Friday, January 17, 2014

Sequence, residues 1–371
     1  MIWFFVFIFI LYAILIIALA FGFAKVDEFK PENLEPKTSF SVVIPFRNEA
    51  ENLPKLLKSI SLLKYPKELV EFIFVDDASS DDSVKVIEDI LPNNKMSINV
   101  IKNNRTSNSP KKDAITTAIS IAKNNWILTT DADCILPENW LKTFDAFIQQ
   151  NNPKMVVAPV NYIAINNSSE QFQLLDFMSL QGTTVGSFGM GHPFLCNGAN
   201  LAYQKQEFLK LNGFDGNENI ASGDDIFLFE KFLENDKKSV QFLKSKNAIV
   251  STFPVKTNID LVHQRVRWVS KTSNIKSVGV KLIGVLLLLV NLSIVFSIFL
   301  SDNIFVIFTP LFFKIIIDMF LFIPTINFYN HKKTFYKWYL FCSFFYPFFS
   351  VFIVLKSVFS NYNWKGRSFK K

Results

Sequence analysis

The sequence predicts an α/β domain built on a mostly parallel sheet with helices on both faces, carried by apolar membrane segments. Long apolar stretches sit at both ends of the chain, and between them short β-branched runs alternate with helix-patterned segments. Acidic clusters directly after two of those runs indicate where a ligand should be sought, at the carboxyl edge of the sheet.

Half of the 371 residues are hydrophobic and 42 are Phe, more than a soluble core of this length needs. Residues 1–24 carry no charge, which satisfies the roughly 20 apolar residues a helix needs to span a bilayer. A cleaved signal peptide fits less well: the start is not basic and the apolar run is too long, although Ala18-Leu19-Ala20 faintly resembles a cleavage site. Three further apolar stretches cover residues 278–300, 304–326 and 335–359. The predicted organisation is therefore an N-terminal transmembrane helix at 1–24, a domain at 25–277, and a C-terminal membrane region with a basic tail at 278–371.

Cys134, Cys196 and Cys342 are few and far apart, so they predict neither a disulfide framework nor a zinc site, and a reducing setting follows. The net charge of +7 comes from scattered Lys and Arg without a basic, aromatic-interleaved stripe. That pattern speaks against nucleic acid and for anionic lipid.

The English sculpture from the war years to present day is not represented to its fullest potential to the point that there are only books available in second hand bookshops and then there are only a few scholarly texts with thumbnail size photographs. With contemplation of how this could possibly be given the publishing skills of the English one can only assume that after Henry Moore and Barbara Hepworth that few sculptors remained who needed public acclaim. Therefore, sculpture was an ornament for the back of the house and although some Unites States artists for example, Nancy Holt, made incredible installations for such purposes few participated with going to the United States to do the same. Until the early nineties the only visible internationally proclaimed sculptors name was Anthony Caro and one wonders given how American in style his work is why his sculptures are not in every park in America. Most sculptors in England appear to have behaved like Jude in Thomas Hardy's last book or like the church stonemason. Not that the Renaissance sculptors behaved much differently working everyday for a new equation to God. Prior to this with the introduction of libraries with books you could acquire through purchasing much to Dante's horror. Dante found the practice to be nothing other than evil. Premise one wonders who the distributors were, obviously nobody Dante trusted.